The effects of cultural heritage on residential property values: evidence from Lisbon, Portugal

July 30, 2016

Historic cities are identifiable through their iconic monuments and buildings. Location relative to these structures generate premiums in the housing market. We examine the impact of such historic amenities on housing prices in Lisbon, Portugal. Results reveal heterogeneous impacts from different types of monuments. Churches, palaces and stone architecture have their own unique impact on the market and landmarks generate the highest premiums.

Residents value living in proximity to a non-landmark church (yielding a premium of 4.2% for living within 100 meters), however higher concentrations of these churches in 1000 meters tend to have a negative impact of 0.1% of the property value. Although having one nearby may be of benefit, additional churches beyond the first serve little purpose and may have negative externalities with bell tolling and high activity during services. With more activity around landmark churches, which draw in tourists and those not in the congregation, this negative impact on price for higher concentrations in 1000 meters is more pronounced at 3.4%.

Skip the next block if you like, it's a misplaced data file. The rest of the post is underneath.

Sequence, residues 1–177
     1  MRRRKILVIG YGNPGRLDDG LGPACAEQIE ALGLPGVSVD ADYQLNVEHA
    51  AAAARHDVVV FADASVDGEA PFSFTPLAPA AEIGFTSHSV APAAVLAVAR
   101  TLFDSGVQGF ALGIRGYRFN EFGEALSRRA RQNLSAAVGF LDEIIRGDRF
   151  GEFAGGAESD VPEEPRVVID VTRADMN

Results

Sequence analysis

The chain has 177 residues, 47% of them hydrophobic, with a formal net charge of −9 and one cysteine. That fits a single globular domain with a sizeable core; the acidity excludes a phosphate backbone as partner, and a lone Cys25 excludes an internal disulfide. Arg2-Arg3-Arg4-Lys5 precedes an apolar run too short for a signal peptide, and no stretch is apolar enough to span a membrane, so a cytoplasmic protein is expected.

Palaces, stone architecture and historic monuments which tend to be more aesthetic rather than providing an active service to the community tend to have positive impacts on housing prices in the vicinity with landmark and non-landmark stone architectural structures positively influencing prices in the order of 2.9% and 0.7%, respectively. These impacts however vary across space with historic monuments and surrounding open spaces complementing each other and having a combined positive impact, suggesting that greening policies that increase open spaces near historic monuments can add additional premiums.

Under a constrained budget, decisions on the preservation and maintenance of historic amenities should target those with the highest potential spill-overs. If these investments are valued through the housing market as our study suggests, there are important discussions to have regarding increases in property tax revenue while balancing gentrification.

Click here to go to the paper by Sofia F. Franco and Jacob L. Macdonald.


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